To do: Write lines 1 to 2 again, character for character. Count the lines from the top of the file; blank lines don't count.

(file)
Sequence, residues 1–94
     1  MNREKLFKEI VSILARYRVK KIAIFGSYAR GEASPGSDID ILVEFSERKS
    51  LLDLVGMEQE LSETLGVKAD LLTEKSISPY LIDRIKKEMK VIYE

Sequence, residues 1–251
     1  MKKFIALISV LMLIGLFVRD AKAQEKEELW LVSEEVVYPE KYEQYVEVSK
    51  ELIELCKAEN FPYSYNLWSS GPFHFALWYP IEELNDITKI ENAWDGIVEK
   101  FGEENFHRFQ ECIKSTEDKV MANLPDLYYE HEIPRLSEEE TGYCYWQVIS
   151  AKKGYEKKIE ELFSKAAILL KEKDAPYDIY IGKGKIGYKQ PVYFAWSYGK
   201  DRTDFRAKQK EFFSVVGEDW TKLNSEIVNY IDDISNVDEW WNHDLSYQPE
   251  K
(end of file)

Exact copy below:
Sequence, residues 1–94
     1  MNREKLFKEI VSILARYRVK KIAIFGSYAR GEASPGSDID ILVEFSERKS